IT tools are often introduced into an organization with little to no use by its members. I’ve been doing research as to why and recently read Connie Gersick’s work on the idea of change manifested through Punctuated Equilibrium Paradigm*. I think this paradigm can help one identify opportunities for transformational tech to be accepted.
Connie Gersick writes about a type of change that can happen to an organization where its deep structure is changed. It is not the sort of incremental, linear, change an organization might plan on. It happens suddenly, after a period of homeostasis where the current system structure has been in operation, and even gradually improving. Punctuating this equilibrium is the change of the organization’s structure pulling itself apart, or the resources that sustained the structure becoming unavailable.
This is when the typical inertia against change (the organization doesn’t see alternatives, fears such as loss/failures/power, and others entities supporting the status quo) is lessened. During the turmoil surrounding this breakdown, other ways of doing things can be considered options.
I think this may be the area where the introduction of new, transformative, technologies can be introduced and Connie Gersick’s work may help understand and identify those opportunities.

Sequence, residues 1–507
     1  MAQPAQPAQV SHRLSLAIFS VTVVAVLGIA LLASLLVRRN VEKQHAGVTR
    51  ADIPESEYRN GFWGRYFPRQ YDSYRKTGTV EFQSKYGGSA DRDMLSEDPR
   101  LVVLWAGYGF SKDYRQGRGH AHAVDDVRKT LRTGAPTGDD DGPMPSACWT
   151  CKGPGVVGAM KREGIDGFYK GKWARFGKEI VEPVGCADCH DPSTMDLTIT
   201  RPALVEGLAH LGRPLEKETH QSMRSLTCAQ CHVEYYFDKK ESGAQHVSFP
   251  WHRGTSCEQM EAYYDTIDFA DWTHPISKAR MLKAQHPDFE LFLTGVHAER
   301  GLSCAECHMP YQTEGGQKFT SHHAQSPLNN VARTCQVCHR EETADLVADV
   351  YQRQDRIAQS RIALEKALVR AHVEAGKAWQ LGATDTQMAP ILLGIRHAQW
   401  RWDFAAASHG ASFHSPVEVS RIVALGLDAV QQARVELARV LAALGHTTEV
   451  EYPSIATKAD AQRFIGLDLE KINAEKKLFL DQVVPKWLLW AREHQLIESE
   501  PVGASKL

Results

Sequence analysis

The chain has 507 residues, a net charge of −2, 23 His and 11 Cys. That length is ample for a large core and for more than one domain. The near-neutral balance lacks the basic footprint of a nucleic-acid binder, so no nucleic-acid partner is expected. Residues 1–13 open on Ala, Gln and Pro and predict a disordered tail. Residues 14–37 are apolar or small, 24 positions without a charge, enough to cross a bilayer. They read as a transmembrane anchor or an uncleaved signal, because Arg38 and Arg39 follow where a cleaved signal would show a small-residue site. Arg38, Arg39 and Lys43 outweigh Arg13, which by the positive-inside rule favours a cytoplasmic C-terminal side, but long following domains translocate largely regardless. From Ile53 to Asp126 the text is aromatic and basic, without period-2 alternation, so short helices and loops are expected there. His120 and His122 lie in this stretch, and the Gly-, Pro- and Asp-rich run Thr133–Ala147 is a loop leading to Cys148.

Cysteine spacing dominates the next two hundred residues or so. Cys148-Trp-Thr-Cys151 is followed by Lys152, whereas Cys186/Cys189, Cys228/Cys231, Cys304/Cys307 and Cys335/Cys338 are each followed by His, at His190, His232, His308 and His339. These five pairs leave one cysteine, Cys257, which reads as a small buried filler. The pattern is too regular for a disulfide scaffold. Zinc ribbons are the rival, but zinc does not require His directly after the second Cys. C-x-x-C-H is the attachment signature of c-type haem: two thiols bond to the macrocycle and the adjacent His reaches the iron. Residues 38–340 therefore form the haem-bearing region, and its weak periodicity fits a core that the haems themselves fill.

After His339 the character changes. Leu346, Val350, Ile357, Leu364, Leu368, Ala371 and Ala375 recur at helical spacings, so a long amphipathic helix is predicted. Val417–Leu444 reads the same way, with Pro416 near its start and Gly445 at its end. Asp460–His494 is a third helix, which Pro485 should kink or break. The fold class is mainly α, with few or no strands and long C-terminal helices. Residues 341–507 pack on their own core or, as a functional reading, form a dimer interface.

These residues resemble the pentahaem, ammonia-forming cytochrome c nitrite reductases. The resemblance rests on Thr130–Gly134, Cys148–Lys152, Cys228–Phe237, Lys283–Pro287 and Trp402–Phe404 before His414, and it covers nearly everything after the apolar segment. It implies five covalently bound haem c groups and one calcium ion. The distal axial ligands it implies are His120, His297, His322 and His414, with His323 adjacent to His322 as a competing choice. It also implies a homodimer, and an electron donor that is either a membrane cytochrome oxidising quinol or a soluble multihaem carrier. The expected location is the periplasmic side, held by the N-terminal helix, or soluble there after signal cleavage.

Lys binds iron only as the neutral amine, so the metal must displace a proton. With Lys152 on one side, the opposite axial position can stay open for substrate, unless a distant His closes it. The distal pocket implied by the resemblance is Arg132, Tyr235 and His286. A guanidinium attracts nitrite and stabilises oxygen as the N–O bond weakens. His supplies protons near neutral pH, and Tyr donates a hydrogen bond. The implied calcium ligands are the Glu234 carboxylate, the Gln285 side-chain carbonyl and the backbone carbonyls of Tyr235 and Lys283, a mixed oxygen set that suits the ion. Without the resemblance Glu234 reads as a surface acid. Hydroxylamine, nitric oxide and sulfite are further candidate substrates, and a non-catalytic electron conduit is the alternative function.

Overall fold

An interesting note is that Punctuated Equalibrium helps explain why some organizations, when trying to overcome an obstacle, will continue to try the same process. The process itself has to break down before a different solution is tried.
If my process is a wind-up car toy and my organization climbs in and winds it up, we may go far until we hit a wall. When we do, we’ll keep hitting the wall until either the car is unwound or it breaks.
(I’m currently halfway through “Crossing the Chasm” by Geoffrey Moore and see how some of that works well with the Equilibrium Paradigm. More on both these thing, later.)
* Gersick, C “Revolutionary Change Theories: A Multilevel Expolration of the Punctuated Equalibirum Paradigm.” Academy of Management Review 1991 Vol 16 No 1, 10-36